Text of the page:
More on community…
Despite what I said about the servers yesterday, Rudius does a lot of stuff really well, especially community. And what Tucker did here is the perfect example.
Chasing Kaz is slowly evolving from a blog about two guys weighlifting to a community about strength, improvement and fitness. The Alexa rank doesn’t reflect it, but the forum has threads with 20,000 and 30,000 views and discussions that run for pages. Now users can post running diaries of their workout regimen and other people can give advice or criticize.
Hosting dozens of workout logs for strangers probably wasn’t what Tucker had in mind when he launched his site 4 years ago. I still have some of the initial emails from when Chasing Kaz got started and no one brought up anything remotely close to that idea. But this is where it went–it’s what the people wanted and I think it is a natural progression for the site.
Rudius won’t make much money from the work out log forum. When someone logs on to post their stats, they aren’t looking for ads–they’re just trying to complete a task. But in the long run, every time someone does it, they are just a little more tied to the brand. They’ve transitioned from a consumer to a prosumer and that connection is harder to break. It’s harder because it’s meaningful, because the users have invested something other than just time.
In contrast to the Hollywood side, where The Agency owns a site with about the same traffic as Tucker and one of the managers keeps insisting on finding sites to merge or acquire. First, in the corporate world, mergers have an awful track record but online? I can’t wrap my head around how that would even work. We shouldn’t be thinking about acquiring a larger audience but rather how to become better connected with the one you already have. Which again highlights the two different, deeply innate approaches to value. One wants superficial relationships and the other wants concentrated, intense connections. It’s not stupid to think like that–“Let’s get more, more, more”–but it is a massive strategic error. Just because something is intuitive doesn’t mean it will work online. Because one morning you’re going to wake up and everyone will have run off to the next site, where they’re treated better, where they feel pulled to, where their life becomes intertwined into the creative process.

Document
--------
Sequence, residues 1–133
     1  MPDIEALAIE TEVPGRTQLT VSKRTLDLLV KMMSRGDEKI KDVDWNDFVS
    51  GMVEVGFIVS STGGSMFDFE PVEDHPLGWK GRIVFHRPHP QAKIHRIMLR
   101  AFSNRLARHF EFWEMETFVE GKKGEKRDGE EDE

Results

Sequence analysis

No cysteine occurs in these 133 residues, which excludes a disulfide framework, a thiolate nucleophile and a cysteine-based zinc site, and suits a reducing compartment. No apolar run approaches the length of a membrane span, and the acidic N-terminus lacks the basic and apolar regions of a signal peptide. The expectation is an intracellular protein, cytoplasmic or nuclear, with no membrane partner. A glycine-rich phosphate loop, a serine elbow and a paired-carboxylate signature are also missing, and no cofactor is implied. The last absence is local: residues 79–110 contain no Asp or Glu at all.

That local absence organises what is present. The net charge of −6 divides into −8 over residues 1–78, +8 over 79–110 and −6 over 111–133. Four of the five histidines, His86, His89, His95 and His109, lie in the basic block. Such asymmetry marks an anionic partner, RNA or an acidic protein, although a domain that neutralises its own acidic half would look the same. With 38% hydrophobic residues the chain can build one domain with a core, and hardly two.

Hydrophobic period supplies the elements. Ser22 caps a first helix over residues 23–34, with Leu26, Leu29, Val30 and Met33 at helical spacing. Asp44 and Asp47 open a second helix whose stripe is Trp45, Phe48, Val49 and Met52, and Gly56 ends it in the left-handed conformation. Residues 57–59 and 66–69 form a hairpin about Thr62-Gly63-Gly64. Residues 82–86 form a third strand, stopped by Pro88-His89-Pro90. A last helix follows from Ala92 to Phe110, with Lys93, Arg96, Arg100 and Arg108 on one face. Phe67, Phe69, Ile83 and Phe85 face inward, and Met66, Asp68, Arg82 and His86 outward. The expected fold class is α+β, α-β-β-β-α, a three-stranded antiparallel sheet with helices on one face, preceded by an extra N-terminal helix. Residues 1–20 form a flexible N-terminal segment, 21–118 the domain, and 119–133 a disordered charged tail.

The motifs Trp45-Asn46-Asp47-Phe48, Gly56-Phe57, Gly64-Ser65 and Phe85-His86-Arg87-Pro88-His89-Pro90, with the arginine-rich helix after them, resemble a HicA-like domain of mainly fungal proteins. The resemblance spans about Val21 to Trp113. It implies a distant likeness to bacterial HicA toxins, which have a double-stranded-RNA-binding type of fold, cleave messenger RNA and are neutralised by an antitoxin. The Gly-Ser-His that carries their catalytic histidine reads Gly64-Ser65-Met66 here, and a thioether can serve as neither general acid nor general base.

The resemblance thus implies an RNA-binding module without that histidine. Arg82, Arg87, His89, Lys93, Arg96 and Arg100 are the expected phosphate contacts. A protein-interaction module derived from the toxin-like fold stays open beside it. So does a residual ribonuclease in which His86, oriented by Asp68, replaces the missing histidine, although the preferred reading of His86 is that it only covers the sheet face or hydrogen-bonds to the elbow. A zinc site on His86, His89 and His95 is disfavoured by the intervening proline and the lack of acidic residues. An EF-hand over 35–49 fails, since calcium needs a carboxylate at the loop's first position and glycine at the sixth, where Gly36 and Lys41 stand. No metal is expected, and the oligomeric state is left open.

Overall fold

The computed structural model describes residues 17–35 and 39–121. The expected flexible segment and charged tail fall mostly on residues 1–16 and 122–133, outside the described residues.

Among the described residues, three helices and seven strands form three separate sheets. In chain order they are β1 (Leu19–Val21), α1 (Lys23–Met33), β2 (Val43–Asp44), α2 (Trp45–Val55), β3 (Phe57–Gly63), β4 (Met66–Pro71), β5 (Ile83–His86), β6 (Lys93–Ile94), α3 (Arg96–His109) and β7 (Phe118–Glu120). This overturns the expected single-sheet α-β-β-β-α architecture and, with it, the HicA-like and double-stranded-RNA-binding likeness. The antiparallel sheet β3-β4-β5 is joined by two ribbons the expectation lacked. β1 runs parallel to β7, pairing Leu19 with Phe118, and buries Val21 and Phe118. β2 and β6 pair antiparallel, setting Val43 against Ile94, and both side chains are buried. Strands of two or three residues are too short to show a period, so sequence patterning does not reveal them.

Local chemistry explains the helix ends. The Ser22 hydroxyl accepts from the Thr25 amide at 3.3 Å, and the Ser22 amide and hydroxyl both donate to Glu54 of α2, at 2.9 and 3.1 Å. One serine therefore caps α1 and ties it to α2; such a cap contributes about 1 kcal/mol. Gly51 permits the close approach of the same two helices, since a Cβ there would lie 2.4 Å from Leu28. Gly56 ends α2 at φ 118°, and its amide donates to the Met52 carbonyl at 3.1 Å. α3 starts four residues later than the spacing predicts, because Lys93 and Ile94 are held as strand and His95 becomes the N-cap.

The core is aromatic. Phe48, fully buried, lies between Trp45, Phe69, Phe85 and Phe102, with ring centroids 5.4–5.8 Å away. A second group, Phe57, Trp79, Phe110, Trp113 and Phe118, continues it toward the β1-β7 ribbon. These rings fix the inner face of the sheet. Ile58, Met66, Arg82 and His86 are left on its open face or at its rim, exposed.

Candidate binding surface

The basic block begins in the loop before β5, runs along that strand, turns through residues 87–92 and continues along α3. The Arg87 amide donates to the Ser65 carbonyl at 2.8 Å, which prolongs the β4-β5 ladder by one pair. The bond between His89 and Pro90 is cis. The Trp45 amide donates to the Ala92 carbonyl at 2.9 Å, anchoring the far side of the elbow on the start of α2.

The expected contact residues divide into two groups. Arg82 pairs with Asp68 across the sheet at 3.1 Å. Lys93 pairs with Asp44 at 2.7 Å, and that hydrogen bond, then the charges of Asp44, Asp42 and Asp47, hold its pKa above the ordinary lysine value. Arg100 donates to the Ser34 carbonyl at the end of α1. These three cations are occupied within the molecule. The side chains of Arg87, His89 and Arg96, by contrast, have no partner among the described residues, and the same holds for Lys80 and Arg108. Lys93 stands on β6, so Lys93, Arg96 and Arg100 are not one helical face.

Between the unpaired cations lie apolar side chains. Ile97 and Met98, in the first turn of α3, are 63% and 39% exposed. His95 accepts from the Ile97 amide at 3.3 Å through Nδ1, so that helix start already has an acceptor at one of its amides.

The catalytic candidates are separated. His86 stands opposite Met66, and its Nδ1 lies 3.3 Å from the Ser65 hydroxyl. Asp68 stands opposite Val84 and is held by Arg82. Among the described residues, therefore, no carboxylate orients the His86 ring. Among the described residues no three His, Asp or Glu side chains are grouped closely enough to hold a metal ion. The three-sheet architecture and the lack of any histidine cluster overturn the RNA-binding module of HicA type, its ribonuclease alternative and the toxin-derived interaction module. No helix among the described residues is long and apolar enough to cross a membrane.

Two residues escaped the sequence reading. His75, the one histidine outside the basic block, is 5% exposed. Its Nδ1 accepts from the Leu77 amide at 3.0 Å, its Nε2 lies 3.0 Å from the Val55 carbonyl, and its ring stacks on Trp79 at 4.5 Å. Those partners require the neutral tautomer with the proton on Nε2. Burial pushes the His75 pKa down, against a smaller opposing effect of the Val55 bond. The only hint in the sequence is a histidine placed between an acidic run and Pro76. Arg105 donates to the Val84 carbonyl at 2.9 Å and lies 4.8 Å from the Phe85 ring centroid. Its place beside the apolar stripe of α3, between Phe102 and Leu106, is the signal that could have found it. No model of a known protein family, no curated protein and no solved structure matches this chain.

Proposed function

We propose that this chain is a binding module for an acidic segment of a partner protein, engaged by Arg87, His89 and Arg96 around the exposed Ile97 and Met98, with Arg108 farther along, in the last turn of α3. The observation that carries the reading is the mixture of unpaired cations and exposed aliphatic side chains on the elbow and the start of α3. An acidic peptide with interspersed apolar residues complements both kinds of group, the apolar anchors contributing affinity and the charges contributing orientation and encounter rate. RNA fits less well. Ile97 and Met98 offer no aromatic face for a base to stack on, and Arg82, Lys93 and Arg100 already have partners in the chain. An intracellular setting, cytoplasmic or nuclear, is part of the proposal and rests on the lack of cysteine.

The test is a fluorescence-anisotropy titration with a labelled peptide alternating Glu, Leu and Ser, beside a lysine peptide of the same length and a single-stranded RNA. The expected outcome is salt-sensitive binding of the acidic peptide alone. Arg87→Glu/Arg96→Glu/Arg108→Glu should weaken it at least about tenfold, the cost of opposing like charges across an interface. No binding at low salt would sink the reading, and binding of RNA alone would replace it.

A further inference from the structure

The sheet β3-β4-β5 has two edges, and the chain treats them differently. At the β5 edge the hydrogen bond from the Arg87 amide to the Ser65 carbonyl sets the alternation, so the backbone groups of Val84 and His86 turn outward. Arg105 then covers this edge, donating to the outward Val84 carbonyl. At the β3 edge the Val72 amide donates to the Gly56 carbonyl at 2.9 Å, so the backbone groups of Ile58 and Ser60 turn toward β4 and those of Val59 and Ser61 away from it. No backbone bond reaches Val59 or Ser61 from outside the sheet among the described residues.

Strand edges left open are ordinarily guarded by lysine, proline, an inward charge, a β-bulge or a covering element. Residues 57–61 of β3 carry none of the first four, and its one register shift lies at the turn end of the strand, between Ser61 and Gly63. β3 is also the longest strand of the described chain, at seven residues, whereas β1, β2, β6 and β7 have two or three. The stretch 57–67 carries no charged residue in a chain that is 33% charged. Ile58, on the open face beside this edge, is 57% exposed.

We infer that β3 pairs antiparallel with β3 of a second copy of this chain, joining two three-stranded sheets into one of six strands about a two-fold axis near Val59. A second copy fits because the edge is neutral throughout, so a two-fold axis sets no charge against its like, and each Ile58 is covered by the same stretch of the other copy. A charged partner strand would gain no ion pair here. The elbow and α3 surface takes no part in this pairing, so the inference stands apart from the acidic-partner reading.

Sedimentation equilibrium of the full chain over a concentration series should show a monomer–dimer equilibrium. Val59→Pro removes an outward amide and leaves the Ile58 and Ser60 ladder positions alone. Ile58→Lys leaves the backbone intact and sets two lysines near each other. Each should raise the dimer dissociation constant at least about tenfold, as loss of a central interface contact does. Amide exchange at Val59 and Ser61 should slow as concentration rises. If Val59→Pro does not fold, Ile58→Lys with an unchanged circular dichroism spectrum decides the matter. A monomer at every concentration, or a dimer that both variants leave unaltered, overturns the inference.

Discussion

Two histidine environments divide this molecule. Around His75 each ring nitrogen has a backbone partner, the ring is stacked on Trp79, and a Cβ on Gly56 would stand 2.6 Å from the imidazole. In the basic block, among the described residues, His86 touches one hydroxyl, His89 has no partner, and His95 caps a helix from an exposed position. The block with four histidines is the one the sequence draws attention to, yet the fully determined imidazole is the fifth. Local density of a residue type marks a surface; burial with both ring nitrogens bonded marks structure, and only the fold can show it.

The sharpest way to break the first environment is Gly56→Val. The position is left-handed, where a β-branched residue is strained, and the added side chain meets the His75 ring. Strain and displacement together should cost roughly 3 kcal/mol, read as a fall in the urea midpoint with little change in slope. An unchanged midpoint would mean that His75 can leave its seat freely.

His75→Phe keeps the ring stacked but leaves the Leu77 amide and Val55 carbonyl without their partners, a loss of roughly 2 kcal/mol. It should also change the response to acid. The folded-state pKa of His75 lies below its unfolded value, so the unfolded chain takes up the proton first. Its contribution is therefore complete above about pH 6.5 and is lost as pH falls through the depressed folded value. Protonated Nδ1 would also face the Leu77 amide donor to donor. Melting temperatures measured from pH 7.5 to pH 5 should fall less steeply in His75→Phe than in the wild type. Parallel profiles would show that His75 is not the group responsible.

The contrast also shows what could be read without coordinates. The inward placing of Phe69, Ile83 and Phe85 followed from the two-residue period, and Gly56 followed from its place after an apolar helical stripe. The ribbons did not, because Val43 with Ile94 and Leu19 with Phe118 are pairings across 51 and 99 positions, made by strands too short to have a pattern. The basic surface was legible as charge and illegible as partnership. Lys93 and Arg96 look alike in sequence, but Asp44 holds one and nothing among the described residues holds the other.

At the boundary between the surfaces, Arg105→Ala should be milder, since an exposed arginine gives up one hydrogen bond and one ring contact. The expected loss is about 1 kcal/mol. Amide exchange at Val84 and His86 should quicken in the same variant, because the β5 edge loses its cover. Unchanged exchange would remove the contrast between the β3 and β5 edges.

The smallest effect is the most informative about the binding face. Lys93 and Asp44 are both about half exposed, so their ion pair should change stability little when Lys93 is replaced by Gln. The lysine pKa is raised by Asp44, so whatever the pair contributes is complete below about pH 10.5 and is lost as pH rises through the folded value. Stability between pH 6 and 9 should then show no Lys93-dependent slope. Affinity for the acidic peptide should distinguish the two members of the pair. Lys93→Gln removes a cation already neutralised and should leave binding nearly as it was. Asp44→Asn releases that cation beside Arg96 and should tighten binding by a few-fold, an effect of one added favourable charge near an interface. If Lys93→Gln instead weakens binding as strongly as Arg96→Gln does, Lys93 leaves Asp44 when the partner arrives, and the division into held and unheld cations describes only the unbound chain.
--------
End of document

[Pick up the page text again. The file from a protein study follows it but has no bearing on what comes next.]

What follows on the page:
In my view, Facebook made the same mistake. They had a chance to grow up with the Y Generation. They could have evolved with that 9 million person userbase (and rising) and had a lock on it forever. I don’t think you could have asked for a more profitable and long-term niche than the social lives of American college students (and eventually, their business and personal lives), but that wasn’t enough. Instead they decided to spread to an numerically larger but significant less loyal demographic and now, the future isn’t looking so rosy. If Myspace was Krispy Kreme–a hot niche commodity that leveraged their buzz to flood the market and then was forced to retreat–Facebook could have been In and Out–an autonomous and principled to their core and have lines out the door at 1 in the morning. Now the core audience is alienated, the new audience has a sense of entitlement and the infrastructure is straining under the weight of thousands of applications, requests and spam-profiles.